do you know about chemistry?" All materials. We deal with materials. We don't
deal with chemicals. I've been told that a dozen times down in Silicon Valley.
Then I finally decided to get smart and become a consultant.
Anyway, to cut a long story short, I went from Aerospace to North American and
finally North American was bought out by Rockwell International [Corporation]
and the whole lot of us were thrown out. I reapplied at Boeing for the second
time. I got a job as the head of Material Sciences Laboratory in Boeing Science
Research Labs. I went there when the F-15 was about to be formulated. Boeing was
doing a horrible job. They couldn't decide if it should have swing-wings,
02:22:00swept-back wings, or delta wings. They decided on a swing-wing with these
enormous hinges. This will make you laugh. To me this was so obviously a
They had this swing-wing airplane with these huge bolts to swing the wings.
After the thing was built, they did a calculation that the pilot/copilot and
navigator could make the thing take off and there would be room for fuel of
course, but no cargo! They couldn't lift anything with it. That was the maximum
it could do.
I don't have much respect for the mentality of the people in [the United States]
Congress. They decided that this was not a particularly good idea, so they
02:23:00decided to cancel the SST. We had bought a house and then here we go again. So
Boeing offs the SST contract and I went on trying to do other things for Boeing
until they decided to close BSRL [Boeing Science Research Labs]. Here we go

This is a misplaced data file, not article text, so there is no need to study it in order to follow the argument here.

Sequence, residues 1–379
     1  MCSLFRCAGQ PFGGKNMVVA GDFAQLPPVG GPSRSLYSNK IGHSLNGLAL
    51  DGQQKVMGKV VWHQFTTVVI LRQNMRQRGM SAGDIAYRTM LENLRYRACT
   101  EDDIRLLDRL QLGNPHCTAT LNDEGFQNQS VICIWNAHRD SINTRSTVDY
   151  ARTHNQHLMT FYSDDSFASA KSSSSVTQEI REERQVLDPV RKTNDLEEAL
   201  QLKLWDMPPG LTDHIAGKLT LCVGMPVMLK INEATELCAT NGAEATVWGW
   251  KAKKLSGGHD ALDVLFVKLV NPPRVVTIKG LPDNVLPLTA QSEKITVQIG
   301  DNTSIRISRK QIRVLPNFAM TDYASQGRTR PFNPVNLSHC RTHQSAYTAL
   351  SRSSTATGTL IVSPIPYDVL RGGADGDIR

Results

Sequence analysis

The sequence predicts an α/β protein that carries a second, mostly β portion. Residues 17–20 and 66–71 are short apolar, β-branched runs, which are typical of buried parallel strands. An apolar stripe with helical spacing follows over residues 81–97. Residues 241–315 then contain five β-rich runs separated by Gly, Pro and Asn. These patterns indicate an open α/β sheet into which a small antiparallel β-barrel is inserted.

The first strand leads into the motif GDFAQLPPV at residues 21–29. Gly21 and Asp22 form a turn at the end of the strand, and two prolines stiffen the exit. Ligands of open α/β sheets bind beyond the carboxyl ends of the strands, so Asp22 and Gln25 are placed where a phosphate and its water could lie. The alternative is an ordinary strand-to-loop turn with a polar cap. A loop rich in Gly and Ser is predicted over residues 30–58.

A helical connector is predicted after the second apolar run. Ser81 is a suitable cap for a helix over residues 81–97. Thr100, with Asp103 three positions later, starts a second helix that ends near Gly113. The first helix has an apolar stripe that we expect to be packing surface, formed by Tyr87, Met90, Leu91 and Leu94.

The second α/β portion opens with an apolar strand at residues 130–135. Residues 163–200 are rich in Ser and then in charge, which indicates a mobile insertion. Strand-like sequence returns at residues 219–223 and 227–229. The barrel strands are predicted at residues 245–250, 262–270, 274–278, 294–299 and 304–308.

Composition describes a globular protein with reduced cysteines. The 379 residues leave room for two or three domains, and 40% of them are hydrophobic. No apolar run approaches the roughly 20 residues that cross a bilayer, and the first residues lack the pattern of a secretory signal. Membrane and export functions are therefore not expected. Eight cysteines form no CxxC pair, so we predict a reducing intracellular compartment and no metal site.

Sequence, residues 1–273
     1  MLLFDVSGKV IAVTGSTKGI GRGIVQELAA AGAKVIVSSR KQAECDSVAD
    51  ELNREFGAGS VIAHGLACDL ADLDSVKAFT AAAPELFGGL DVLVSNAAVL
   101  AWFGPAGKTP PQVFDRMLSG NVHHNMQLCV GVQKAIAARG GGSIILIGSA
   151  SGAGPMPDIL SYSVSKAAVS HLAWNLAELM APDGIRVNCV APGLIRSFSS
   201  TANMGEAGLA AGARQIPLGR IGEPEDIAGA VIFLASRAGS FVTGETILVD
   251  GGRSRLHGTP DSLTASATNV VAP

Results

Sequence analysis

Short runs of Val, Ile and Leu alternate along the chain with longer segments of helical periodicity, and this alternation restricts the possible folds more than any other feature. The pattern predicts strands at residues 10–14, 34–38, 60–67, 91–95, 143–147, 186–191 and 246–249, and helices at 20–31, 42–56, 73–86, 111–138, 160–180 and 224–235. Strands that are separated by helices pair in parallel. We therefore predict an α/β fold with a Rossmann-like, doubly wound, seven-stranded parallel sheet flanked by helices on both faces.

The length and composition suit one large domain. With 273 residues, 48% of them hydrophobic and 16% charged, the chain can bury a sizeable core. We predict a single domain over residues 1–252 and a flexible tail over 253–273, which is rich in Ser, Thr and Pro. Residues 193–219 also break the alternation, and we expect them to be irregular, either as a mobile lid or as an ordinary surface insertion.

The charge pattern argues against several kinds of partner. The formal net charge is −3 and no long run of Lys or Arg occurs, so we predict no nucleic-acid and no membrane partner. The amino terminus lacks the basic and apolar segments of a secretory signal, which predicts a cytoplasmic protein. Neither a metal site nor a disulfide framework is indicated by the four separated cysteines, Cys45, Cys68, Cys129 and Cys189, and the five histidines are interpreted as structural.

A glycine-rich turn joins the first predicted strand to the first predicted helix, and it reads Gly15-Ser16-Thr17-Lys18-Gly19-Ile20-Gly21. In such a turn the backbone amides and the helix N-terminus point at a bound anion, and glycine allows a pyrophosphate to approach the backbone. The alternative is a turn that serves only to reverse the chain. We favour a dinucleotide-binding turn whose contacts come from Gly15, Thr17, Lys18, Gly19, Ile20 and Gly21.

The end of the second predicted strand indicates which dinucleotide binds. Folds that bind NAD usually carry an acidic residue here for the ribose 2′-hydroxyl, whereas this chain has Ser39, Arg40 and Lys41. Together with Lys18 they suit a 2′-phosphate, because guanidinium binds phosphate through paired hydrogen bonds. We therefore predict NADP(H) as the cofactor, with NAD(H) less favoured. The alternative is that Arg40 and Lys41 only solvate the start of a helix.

again. I got sick and tired of the rain and the awful situation in Seattle
because there's no place for us to go.
So I decided to go back in the aerospace industry. I still had a house down in
Palos Verdes and a house in Seattle. I went down and I got a job offer at
Northrop [Corporation]. The job offer was this. Some Indian guy wanted me to
grow algae in glass tubes--this was about 1969, just before they actually got
02:24:00people up to the moon--to generate foodstuff by growing algae on the moon. I
thought, "You know, this sounds like another crackpot idea. It just isn't going
He was ranting on about a fellow called A.T. Stewart who had worked there. He
was pretty upset with him so he fired him. A.T. Stewart had gone up to the Bay
Area, which I always wanted to get back to, because I loved living in the Bay
Area when I was with Lockheed. He had gone up to work at Bechtel [Corporation].
Bechtel is one of the biggest engineering companies in the world. I was used to
engineering companies. So I wrote to them and said, "I understand that you have
a new laboratory. Could you use a chemist who's good at all aspects of chemistry?"
I got two letters on the same day from San Francisco. One was basically a "Dear
John" saying there was no suitable opening. I opened up the second letter and it
said, "Oh yes, we'd be very pleased to hear from you. Please call us at
02:25:00such-and-such a number. Don't waste any time in calling us." So then I said to
Jeanne, "You know, which came first? Did they change their mind?" I thought,
"Well, the heck with it," and I called them up. They said, "Oh good, please can
you come down?" I went down and within a couple of weeks, I had a job.
I was the fifth person to be hired in that lab to go to work on all the kinds of
things that Bechtel worked on, whatever came up. Anything to do with chemistry I
was on it. This, by the way, was in Belmont on the peninsula in San Francisco, a
little bit above Palo Alto. When I checked in with the personnel man up there,
just to show you the caliber of people they hired in personnel, I showed him the
02:26:00"Dear John" letter and said, "Do you know you could have lost me?" "Oh," he
said, "I sign all kinds of letters like that." And he just laughed. I couldn't
believe it. How can someone take such a cavalier attitude towards their job? And